Discovery of Fast rotating asteroid

Paulet High school, Lord Wilson High School
Resource used:
Asteroid project

Following an observing alert posted on April 10, four groups contributed observations of the newly-discovered near-Earth asteroid 2008 GP3 using Faulkes South. The object was imaged both on April 11 and on April 12 and photometry was performed by Richard Miles of the British Astronomical Association to check whether or not the object was a fast rotator. Since 2008 GP3 is a small object, probably only about 20-30 meters across, there is a good chance that it spins quickly on its axis. Observations by Paulet High School, Lord Wilson School, TU-Darmstadt and the BAA Asteroids and Remote Planets Section have indeed shown that the object turns quickly, completing one revolution every 11.78 minutes as shown in the image here.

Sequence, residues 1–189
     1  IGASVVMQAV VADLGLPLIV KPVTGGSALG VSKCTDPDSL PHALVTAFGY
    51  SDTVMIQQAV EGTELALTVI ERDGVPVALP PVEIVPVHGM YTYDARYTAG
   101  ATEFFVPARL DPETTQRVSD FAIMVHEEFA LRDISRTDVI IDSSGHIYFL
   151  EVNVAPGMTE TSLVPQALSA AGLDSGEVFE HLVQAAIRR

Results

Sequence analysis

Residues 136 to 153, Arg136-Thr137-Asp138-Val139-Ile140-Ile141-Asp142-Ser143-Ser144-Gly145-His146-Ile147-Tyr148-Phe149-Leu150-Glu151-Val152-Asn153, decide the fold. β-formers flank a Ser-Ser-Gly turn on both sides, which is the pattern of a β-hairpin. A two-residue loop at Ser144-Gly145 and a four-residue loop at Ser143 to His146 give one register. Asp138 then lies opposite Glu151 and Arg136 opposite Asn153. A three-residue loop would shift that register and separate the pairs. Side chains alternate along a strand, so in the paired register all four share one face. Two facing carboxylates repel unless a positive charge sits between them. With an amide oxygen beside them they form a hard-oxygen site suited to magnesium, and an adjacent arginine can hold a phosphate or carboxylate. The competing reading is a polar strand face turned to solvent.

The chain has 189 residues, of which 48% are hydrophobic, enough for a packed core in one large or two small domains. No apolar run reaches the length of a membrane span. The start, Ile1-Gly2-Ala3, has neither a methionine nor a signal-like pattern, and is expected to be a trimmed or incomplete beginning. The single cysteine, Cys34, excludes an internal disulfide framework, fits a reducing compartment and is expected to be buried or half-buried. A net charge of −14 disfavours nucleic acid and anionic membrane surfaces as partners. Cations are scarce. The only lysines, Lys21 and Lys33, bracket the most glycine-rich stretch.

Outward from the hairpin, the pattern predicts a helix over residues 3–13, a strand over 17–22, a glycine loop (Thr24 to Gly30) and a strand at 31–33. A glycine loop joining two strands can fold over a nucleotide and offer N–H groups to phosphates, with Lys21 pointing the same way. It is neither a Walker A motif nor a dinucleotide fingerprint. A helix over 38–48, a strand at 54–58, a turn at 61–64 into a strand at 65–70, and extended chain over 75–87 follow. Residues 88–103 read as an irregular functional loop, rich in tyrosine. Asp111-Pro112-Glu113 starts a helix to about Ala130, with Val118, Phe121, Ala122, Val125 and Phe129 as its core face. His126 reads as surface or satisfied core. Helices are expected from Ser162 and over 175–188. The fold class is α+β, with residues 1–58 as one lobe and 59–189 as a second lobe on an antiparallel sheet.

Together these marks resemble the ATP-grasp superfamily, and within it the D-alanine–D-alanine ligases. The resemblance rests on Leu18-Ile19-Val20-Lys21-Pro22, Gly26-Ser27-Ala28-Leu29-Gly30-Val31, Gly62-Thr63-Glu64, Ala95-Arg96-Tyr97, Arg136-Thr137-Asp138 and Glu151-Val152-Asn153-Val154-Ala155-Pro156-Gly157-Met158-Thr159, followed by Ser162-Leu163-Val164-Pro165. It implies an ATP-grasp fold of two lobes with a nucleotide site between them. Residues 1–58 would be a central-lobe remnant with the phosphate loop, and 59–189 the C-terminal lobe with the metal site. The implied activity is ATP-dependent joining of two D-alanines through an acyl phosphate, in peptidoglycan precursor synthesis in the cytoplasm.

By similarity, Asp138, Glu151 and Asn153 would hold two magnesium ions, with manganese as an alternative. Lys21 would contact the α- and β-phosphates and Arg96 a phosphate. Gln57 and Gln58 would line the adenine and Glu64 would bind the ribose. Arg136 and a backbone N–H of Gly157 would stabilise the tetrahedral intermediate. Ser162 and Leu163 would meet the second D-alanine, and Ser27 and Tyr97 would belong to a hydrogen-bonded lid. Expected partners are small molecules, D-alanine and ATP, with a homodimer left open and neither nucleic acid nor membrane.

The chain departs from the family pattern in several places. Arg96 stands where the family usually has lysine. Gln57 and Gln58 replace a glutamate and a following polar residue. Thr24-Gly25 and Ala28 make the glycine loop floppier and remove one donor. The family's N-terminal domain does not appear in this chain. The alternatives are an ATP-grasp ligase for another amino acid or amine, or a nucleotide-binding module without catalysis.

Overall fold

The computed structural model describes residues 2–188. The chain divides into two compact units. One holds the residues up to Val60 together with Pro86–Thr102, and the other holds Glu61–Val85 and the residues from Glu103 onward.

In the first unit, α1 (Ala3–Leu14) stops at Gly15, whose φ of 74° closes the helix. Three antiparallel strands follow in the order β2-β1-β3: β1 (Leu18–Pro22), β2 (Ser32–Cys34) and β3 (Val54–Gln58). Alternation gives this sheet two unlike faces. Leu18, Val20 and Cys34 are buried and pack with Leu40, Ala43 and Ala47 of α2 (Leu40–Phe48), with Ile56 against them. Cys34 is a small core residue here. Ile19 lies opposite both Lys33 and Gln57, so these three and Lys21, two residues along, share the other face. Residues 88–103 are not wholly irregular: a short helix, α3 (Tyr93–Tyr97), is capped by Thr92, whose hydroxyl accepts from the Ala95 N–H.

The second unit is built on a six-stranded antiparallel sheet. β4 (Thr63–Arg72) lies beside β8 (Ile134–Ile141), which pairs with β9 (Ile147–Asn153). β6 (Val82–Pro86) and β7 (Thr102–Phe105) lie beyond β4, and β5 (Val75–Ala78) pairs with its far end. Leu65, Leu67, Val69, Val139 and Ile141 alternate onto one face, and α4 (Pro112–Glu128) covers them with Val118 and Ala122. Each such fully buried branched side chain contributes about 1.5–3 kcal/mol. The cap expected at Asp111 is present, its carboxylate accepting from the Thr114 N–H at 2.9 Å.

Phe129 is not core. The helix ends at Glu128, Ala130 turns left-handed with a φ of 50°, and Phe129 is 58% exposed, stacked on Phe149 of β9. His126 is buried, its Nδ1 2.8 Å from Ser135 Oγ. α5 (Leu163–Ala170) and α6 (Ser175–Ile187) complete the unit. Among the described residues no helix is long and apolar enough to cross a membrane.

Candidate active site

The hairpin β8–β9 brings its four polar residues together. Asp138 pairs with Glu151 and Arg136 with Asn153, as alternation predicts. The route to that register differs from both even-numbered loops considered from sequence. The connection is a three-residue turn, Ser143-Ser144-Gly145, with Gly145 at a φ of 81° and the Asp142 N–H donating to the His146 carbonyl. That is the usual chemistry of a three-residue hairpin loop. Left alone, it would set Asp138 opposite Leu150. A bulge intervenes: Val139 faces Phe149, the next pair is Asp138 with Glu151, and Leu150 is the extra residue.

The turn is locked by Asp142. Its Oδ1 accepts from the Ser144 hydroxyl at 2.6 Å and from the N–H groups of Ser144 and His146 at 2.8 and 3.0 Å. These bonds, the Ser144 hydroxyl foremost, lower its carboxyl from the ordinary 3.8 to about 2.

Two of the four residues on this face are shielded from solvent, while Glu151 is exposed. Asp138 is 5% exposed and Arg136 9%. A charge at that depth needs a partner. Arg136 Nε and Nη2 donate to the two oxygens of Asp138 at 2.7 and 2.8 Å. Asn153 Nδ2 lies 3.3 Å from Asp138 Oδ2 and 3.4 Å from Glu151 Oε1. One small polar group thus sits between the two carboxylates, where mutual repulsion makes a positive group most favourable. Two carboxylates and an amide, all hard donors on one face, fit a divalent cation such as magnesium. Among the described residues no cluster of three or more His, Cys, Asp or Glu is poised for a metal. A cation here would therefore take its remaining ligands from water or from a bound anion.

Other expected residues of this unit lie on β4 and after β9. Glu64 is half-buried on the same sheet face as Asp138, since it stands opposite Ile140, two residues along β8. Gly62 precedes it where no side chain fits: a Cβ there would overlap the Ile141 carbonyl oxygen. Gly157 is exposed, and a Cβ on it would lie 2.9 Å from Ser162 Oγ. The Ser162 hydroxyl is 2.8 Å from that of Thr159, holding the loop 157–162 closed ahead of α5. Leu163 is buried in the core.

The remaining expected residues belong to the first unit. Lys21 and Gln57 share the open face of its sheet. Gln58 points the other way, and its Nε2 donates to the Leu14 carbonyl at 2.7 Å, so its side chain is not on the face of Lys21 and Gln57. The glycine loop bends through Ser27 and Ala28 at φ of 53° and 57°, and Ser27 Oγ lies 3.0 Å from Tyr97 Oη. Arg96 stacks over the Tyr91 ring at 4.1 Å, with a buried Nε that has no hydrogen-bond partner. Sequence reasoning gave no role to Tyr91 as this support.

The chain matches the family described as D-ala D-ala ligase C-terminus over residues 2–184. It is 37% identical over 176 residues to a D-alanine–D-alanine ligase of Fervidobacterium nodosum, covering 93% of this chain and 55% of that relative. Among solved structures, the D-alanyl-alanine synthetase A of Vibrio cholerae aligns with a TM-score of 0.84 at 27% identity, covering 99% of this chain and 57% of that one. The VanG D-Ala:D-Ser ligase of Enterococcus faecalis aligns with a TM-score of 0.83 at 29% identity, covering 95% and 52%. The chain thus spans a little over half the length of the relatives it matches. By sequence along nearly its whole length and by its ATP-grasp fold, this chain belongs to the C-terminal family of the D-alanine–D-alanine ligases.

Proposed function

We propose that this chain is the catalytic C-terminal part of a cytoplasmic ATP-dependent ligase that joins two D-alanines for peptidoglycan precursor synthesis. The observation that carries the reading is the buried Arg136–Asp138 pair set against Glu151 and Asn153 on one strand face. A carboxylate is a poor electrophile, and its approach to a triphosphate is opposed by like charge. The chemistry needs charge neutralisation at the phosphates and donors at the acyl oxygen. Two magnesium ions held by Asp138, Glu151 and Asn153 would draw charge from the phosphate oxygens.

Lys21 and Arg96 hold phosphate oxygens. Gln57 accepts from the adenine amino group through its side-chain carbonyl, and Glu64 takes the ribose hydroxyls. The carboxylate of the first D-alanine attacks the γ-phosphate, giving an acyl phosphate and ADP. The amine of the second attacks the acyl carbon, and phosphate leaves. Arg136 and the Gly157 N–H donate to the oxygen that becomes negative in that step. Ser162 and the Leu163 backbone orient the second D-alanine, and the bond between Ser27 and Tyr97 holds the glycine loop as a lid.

This is a first-time success for the project, which is ideally suited to schools participation using the Faulkes Telescopes. Just two or three consecutive observing sessions can reveal the presence of superfast rotators turning 360 degrees in a matter of minutes. Indeed, cooperation between observing groups is essential if asteroid rotation rates are to be identified unambiguously. Our knowledge of the near-Earth population of small asteroids is very sparse so schools can contribute directly to our understanding of these nearest neighbours of ours. We believe that most of these objects are probably fragments ejected from collisions between larger bodies which took place some time in the distant past. However, other objects may have originated when the solar nebula was formed billions of years ago. We just don't know!